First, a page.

“Uh Mike…where is the backpack?” your mother asked.

 

The backpack is your diaper bag, Blue. It has your shoes, your blankets, your hats, you diaper changing pad, your bottles and I left it all in the shopping cart back at Target.

 

Generally speaking, I was overdue for my DuhMike moment. I average about one per year, and thus far, I had managed to avoid the moment for entirety of 2014. Past DuhMike moments (in case you’re wondering what qualifies) include missing a flight by an entire day, putting a pair of pants into a washing machine…with an ipod in them, and getting my car stuck on a fire hydrant. The fact that I had lasted an entire year without one of these moments while sleep deprived and exhausted was a minor miracle.

 

We drove back in a flash. I looked in the cart and it was gone. I asked a man in an SUV nearby if he saw anything. “No,” was the answer.

 

Curse words, my response.

 

I checked in the store and it wasn’t there either. They told me to check back in a bit to see if it has shown up. Then they took my number to call in case the backpack arrived. Two hours passed and we got nothing. Through all of this, we started going through the different stages of grief. By the third hour, we were moving through acceptance. It sounds silly to be this ate up over a backpack, but it wasn’t just any backpack. It was YOUR backpack, and I lost it. I felt terrible.

 

Feeling this way, I decided to give Target one last try. I went back to the store and again get the same response. The backpack had not arrived in the store. Dejected, I Charlie Brown sadwalked to the back of the store, resigned to begin the long process of replacing your lost things. I started with Tommy Tippee bibs.

 

As I was walking back to the front of the store to pay, my phone buzzed.

 

“Hey, this is Target Guest Services. Were you just looking for a pink and black packpack?”

 

“Yeah, the one with the baby stuff?”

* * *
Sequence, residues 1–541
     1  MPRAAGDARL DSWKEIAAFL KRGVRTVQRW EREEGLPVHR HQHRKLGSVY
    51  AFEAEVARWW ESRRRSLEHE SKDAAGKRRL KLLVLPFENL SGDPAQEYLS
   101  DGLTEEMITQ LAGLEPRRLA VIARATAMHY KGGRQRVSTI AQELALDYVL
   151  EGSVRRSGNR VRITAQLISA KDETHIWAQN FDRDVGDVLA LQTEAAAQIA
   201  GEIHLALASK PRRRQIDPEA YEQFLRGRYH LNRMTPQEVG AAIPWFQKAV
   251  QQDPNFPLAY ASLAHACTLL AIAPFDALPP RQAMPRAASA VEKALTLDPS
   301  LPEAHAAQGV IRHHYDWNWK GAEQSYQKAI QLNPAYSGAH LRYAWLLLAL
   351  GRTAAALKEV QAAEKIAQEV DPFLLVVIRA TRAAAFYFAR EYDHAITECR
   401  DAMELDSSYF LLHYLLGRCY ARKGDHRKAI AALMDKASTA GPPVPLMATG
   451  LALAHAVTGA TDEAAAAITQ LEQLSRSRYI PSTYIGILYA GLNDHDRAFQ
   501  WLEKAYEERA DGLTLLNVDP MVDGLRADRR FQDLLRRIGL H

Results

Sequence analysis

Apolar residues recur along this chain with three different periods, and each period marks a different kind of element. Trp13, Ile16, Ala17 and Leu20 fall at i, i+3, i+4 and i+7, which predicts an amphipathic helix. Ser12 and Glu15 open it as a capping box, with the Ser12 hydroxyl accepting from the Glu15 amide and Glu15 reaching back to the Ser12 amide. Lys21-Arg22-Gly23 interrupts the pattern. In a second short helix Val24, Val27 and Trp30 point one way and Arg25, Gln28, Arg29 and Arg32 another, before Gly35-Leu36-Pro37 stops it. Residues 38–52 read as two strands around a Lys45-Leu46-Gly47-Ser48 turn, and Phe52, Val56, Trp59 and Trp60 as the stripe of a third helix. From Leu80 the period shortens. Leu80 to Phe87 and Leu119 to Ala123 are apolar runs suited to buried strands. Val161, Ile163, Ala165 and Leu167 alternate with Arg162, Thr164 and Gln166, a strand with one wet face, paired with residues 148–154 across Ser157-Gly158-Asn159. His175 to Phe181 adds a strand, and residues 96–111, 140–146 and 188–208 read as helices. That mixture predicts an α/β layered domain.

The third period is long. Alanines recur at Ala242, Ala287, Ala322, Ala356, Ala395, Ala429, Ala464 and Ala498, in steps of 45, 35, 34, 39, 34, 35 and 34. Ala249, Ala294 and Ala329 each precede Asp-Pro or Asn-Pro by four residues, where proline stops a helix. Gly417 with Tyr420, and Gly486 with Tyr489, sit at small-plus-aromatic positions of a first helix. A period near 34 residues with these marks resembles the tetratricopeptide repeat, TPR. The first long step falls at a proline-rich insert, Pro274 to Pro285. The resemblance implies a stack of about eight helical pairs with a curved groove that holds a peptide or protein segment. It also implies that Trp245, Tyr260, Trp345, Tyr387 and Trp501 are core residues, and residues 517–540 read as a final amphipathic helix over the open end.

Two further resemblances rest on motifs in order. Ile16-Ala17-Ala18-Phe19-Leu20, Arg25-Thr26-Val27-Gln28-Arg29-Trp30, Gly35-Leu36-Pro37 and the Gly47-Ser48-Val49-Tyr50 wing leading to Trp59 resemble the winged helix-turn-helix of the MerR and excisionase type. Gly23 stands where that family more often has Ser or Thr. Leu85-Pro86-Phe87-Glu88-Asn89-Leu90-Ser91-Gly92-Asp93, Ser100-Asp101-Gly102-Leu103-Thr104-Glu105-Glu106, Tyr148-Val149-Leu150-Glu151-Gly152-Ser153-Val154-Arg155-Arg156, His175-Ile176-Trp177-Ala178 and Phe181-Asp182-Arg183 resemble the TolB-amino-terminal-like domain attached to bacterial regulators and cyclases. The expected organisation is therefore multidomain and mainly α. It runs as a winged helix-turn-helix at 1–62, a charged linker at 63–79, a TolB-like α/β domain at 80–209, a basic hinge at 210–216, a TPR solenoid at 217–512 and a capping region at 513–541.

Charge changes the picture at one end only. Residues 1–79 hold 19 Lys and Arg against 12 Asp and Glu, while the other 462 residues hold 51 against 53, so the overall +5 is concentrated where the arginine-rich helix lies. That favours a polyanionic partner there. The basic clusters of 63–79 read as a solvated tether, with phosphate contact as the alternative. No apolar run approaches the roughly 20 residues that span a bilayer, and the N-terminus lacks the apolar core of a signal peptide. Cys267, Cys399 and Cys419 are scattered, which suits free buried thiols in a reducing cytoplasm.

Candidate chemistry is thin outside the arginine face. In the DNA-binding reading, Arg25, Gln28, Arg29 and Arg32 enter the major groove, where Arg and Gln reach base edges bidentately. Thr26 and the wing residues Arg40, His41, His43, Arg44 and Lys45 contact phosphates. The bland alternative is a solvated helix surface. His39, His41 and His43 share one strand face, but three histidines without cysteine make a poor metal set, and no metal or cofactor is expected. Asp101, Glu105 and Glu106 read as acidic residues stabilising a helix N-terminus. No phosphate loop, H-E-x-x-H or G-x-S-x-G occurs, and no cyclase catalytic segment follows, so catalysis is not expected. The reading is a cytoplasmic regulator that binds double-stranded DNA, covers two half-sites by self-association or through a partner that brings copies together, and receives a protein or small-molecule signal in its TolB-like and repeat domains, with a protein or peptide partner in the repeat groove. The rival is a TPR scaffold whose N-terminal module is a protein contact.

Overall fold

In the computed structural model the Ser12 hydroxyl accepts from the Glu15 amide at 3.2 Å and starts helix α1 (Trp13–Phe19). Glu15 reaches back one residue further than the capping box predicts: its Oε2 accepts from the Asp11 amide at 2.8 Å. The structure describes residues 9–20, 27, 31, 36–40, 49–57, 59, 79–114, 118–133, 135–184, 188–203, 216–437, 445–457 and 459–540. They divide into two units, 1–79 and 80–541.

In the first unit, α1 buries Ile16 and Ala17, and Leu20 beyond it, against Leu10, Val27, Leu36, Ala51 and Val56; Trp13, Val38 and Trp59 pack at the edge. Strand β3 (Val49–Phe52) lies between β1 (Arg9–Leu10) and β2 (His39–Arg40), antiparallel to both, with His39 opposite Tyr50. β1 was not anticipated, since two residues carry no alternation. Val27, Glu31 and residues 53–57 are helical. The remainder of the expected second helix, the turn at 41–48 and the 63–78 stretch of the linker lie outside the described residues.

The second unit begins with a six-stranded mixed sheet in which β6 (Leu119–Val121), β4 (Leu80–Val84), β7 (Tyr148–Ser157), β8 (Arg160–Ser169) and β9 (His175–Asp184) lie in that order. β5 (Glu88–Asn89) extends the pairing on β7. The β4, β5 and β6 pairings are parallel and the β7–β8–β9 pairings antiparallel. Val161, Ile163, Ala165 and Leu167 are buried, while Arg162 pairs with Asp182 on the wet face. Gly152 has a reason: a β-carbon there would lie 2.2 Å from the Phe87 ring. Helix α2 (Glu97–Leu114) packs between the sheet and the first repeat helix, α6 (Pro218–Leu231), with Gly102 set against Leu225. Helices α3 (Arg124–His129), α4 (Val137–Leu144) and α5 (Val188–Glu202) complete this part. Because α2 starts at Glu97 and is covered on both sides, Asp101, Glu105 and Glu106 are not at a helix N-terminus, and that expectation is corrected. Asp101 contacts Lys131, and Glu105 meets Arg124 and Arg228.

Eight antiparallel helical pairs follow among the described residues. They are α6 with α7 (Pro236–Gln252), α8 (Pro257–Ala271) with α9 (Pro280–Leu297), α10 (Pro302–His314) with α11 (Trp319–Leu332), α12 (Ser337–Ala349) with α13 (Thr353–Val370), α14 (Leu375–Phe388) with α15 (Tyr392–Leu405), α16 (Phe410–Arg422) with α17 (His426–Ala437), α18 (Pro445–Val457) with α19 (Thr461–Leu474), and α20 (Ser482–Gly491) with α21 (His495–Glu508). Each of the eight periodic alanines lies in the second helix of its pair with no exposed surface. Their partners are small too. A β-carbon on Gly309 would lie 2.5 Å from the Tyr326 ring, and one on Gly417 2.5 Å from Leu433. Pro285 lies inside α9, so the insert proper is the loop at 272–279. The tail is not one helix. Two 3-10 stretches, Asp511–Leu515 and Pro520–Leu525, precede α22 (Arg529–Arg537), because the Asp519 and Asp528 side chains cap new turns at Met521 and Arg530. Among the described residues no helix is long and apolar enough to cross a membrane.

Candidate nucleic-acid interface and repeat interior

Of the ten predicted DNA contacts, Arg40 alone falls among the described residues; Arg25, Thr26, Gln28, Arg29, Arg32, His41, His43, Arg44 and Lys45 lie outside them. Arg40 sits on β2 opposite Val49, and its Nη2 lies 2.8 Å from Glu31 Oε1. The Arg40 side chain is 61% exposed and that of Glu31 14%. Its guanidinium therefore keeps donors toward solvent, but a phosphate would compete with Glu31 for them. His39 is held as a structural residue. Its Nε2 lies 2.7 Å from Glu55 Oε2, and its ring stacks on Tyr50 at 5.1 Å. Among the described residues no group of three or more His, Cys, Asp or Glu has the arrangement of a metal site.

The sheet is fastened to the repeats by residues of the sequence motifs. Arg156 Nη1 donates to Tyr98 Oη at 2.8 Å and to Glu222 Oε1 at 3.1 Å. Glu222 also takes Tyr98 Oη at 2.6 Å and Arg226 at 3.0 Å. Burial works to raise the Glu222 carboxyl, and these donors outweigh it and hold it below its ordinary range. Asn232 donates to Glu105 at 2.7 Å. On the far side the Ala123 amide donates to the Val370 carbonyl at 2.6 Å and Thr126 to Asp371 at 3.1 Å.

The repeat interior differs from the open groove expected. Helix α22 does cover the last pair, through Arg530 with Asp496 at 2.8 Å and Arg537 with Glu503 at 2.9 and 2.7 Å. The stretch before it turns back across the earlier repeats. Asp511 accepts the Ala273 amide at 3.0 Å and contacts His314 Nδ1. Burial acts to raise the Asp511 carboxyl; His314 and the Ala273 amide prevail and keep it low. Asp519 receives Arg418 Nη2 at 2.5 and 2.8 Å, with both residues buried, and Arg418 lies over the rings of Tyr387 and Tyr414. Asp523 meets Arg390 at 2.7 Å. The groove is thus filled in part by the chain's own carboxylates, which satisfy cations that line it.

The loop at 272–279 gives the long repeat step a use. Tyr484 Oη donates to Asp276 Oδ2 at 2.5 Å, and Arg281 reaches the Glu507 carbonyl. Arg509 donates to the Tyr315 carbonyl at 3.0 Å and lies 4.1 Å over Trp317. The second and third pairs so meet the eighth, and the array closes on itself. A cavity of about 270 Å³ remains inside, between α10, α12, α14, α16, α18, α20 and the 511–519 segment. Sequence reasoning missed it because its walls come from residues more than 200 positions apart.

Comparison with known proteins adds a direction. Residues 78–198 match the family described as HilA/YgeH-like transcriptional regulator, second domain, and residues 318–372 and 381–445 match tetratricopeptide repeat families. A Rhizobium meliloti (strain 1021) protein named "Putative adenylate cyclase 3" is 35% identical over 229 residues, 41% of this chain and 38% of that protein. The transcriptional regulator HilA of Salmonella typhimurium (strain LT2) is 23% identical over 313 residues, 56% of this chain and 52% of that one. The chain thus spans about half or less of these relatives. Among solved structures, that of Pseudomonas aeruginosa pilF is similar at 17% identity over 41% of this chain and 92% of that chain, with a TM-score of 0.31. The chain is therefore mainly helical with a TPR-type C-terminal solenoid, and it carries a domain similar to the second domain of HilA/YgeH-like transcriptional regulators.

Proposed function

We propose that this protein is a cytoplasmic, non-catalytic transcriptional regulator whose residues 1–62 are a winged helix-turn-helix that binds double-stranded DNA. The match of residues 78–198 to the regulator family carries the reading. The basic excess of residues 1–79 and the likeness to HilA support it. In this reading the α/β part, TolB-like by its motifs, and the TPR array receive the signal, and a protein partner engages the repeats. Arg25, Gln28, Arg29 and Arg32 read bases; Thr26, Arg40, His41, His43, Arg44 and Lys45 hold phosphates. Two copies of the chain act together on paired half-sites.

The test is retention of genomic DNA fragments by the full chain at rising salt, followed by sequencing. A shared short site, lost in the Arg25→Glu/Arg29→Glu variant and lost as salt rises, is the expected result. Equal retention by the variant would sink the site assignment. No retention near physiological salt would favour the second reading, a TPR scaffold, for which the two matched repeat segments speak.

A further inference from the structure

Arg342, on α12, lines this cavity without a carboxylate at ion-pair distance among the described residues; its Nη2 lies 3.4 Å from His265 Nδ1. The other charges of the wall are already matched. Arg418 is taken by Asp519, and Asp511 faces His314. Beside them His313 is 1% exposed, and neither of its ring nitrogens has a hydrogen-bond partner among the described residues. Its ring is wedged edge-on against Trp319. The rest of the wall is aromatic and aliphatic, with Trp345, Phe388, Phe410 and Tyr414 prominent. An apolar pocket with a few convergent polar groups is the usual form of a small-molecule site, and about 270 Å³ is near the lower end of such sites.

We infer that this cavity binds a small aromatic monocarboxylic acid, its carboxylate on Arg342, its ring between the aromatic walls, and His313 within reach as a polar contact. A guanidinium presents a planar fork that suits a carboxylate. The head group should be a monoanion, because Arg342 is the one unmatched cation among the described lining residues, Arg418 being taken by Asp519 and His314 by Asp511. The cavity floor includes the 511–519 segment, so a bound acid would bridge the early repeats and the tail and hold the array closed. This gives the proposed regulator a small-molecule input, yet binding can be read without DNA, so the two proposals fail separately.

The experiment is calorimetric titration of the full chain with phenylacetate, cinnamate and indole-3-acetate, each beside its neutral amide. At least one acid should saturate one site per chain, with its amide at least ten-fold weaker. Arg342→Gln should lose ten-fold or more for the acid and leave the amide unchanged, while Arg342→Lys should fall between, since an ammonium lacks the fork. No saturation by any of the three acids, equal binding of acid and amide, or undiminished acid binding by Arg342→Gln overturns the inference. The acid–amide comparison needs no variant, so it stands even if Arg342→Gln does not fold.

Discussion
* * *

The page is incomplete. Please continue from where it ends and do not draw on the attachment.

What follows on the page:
“Yeah dude. It’s here.”

 

What the what?

 

I made my beeline to the front, doing that weird walk run that is somewhere between a powerwalk and a pee walk. Sure enough, it was your backpack. And it was back in our possession! How was this possible? Was it just floating around in the parking lot for two hours? Did no one notice it? Did the guest services people just miss it?

 

Unfortunately, we’ll never know.

 

Here’s my theory:

 

I keep going back to the man in the SUV. We’ll call him Roland. Roland was there when we left, there when we got back and he had a kid in the backseat. We were in a section of the parking lot that was not heavily trafficked so it was doubtful someone would have picked up a cart from the corral where I left it.

 

Unless they saw me leave the backpack there, which Roland did. He takes the pack, then lies about it and hightails it out of there when his wife is done shopping. At home, he tells her about the backpack he found. His wife, Ethel, tells him that she thought his days with sticky fingers are long gone, and that she’s disappointed with him.

 

This triggers a huge outburst from Roland because he’s stressed out about finances, particularly after Ethel just bought a $1000 worth of Christmas gifts from Target. In his mind, he has to steal because how else can they get by? Not on his The two of them trade bitter resentful comment after bitter resentful comment for close to an hour and a half. During this time, their 2 year old kid, Tom Bo, decides to go check out the backpack Roland picked up from Target and begins to rummage through the contents.

 

The fight continues. Ethel and Roland graduate from verbal jabs at each other over each other’s actions at Target and go straight to throwing marital haymakers. You know, the kinds of things you say you can never, ever take back and shake a marriage right down to its foundation.

 

So marriage in shambles and divorce lurking nearby, Roland takes a deep breath, sighs, and says, “Fine. I’ll take the bag back.”

 

Before he does, Tom Bo drops a block into the backpack, which we find later that night. It is this block that was the key to the whole story, because we had blocks just like it. In fact, we thought it was one of our blocks until we counted them up. We had all 12 of them, which meant this block, the 13th block, came from somewhere else.

 

It came from Tom Bo. And even though he didn’t get to keep the rest of the baby stuff, Tom Bo did get to keep his parents together.

 

Or that’s our story anyway. Regardless, it was a miracle that pack ended up back with us.

 

-Dad